R. 22-6 at 10 (A-8:19-24). At this point, the Assistant State's Attorney interjected, pointing out that the “real issue” was not about “any words exchanged between [Mercado and Cantoral] but that there has been a representation that [Mercado] is going to get up and [testify that] he got the gun from [Cantoral].” R. 22-6 at 11 (A-9:5-10). The Assistant State's Attorney argued that Mercado had the opportunity to raise this particular alleged fact when he moved for severance before the trial, and because he failed to do so, he should “be estopped from making any representations as to where he received that particular firearm.” R. 22-6 at 12 (A-10:15-17). Cantoral's attorney agreed that a restriction on Mercado's testimony was an appropriate sanction for the late notice, and that a mistrial would be necessary if such a restriction on Mercado's testimony was impermissible. In support of this motion for sanctions or, in the alternative, a mistrial, Cantoral's attorney argued that

the antagonism comes from [Mercado] indicating that [Cantoral] had the gun in the car and was responsible for getting the gun into [Mercado's] hands, and that is an antagonism that is in fact enormously prejudicial and I think will eventually not allow this case to be tried fairly . . . .

R. 22-6 at 12-13 (A-10:22-A-11:4). The trial court declined to issue a preemptory ruling on Cantoral's motion, stating that he would decide the issue when “Mercado actually testifies.” R. 22-6 at 13-14 (A-11:24-A-12:1).

         The issue of Mercado's testimony was presented to the trial court again after the close of the state's case and immediately before Mercado took the witness stand.

         The Assistant State's Attorney again sought to exclude Mercado's anticipated testimony concerning the source of the gun.

[T]he origin of the gun [has] no impact or is not relevant to the charges at issue. The self-defense . . . is only applicable to [the] charge [of aggravated discharge of a firearm]. Makes no difference where he got the gun in his self-defense claim. Whether or not he says it appeared in his hand, the fact that he used it to shoot [at] someone makes no difference whatsoever as to that particular charge. . . . We would ask that [Mercado] be limited to simply stating that he grabbed the gun and not stating from where he grabbed [it].

R. 22-6 at 44-45 (A-42:16-A-43:2, A-43:14-17). In response, Mercado's attorney argued that Mercado should be permitted to testify

that . . . something happens between Mr. Cantoral and the vehicle [with the four men]. There is this discussion between Mr. Cantoral and Mr. Mercado. . . . The car [with the four men] follows them. There is continued discussion between Mr. Cantoral and Mr. Mercado. Mr. Mercado is told that there is a gun in the car, [and] where it is. He gets it. Then he is told that the vehicle [with the four men] is now coming up on Mr. Mercado's side [of the car]. He displays the gun. He fires it in the direction of the pavement. Then he puts the gun back where it was recovered by the police, a sealed compartment located in Mr. Cantoral's vehicle.

R. 22-6 at 47-48 (A-45:7-A-46:2). The trial court then reconfirmed with Mercado's attorney what Mercado's testimony would be, and in the course of that discussion eventually had the following exchange with the attorneys for Mercado and Cantoral:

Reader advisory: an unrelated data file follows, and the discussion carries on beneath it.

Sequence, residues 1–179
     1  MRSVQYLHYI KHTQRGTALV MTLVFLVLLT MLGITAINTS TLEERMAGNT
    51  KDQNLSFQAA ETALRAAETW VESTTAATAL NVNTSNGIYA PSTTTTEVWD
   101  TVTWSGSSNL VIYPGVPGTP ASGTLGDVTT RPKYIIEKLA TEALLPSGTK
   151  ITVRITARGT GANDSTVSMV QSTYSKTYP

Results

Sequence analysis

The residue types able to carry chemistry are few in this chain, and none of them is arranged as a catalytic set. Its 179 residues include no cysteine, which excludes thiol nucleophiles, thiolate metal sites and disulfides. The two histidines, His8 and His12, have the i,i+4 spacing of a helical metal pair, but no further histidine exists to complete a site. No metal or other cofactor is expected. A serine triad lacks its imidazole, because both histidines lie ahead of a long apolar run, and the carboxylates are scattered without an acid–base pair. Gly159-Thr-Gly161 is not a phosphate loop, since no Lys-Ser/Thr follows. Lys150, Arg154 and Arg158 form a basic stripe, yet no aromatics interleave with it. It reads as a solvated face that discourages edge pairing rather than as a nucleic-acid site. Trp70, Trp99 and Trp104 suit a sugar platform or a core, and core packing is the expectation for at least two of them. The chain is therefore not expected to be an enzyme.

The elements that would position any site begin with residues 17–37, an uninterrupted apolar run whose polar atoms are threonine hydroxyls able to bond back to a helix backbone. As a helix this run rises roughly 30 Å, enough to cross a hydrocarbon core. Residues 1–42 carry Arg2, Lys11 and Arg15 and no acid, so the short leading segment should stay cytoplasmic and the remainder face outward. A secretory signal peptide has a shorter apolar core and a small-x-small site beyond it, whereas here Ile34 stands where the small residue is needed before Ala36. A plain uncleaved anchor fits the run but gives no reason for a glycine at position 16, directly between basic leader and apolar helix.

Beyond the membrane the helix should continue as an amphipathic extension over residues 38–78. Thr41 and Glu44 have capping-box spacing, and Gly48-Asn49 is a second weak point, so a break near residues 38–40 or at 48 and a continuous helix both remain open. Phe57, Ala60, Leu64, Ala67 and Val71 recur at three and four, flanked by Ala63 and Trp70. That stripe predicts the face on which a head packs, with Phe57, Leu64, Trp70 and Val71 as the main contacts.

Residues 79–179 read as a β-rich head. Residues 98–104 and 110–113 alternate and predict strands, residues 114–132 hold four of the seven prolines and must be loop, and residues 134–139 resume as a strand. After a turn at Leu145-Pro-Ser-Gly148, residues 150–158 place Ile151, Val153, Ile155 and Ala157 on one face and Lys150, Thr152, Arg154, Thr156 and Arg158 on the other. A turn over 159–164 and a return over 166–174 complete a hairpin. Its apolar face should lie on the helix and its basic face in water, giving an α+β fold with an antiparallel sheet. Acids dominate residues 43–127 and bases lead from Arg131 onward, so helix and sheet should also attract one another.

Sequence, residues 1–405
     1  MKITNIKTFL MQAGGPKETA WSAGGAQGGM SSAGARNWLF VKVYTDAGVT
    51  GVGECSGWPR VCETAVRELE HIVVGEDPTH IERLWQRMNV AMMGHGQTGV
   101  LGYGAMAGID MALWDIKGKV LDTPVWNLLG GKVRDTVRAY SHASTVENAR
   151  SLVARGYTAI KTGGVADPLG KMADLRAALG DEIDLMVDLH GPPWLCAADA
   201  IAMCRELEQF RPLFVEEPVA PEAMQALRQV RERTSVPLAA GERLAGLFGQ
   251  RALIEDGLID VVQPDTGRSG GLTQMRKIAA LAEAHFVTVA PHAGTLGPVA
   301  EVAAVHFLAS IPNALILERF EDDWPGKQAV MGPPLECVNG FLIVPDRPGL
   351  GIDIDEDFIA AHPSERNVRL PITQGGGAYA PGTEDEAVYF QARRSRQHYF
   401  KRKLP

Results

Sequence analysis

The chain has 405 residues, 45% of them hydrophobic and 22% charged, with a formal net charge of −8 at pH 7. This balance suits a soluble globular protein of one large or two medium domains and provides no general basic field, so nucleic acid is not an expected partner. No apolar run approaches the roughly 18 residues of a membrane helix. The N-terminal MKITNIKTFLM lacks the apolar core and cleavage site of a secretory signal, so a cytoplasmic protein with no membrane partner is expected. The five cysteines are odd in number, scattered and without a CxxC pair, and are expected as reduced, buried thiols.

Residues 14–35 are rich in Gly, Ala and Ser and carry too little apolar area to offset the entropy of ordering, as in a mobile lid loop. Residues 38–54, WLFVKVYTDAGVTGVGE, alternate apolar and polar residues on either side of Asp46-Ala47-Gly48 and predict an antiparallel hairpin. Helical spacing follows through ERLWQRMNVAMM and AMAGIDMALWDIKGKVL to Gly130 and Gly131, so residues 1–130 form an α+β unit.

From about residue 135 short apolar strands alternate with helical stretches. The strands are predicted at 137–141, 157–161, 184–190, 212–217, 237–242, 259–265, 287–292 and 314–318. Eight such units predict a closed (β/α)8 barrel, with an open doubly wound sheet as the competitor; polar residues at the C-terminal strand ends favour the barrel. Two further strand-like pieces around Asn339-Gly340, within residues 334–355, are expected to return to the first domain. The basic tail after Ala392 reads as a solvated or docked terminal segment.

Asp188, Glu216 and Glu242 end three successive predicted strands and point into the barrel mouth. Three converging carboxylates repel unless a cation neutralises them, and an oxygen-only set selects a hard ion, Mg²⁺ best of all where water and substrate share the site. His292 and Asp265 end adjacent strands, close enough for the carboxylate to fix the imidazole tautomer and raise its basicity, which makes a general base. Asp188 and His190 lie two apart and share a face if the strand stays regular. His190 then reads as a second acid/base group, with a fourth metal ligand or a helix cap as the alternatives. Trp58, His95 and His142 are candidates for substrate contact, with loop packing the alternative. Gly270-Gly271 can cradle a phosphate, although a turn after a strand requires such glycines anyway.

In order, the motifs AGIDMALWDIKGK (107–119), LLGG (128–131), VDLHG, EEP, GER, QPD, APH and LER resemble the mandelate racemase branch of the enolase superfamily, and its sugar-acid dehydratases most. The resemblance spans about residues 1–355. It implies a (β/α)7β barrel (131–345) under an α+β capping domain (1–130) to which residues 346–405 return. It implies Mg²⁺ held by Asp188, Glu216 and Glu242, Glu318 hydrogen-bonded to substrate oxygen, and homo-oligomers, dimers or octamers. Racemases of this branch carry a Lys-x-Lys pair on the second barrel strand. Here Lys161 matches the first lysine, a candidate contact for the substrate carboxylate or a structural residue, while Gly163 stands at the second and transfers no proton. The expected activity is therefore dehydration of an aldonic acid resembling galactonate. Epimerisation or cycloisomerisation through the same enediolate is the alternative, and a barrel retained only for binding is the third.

The Court: And then there is another conversation, of course, about-
Mercado's Attorney: I will say it is a continuing conversation.
The Court: The contents of which is not coming into evidence, but then after that conversation [Mercado] goes and retrieves a gun from the car?
Mercado's Attorney: Yes.
Cantoral's Attorney: He says [Mercado] is going to say [Cantoral]
told him there was a gun in the car, where to get it from and that's where he got it from.
The Court: That's hearsay. How is that coming in?
Cantoral's Attorney: He was going to say he was directed to get the gun.
The Court: How could he say that? How can he put that conversation into evidence?
Cantoral's Attorney: You are right. The point I obviously am making is that when [Cantoral] is driving away, he certainly couldn't have put that gun in that right hand wherever the hell that gun was put back there. He can't be driving the car and go to the back of an SUV. It is impossible. So I am just saying- Mercado's Attorney: We are saying we put it back.
Cantoral's Attorney: Okay. Fine. I still renew my motion for a mistrial. It is surprise testimony.
The Court: Make the motion at the appropriate time.

R. 22-6 at 48-50 (A-46:21-A-48:7). As indicated in the above excerpt, the trial court believed that Mercado's proposed testimony about his conversation with Cantoral was inadmissible hearsay. Nevertheless, the trial court denied the Assistant State's Attorney's motion insofar as it sought to bar Mercado from testifying about where he got the gun (as opposed to conversations he had with Cantoral about the gun). Id. Mercado took the stand immediately after this exchange.

         Midway through Mercado's testimony the following exchange occurred:

Mercado: I noticed [Cantoral] and the other car [with the four men] exchanging words. Not necessarily gangbanging words, ...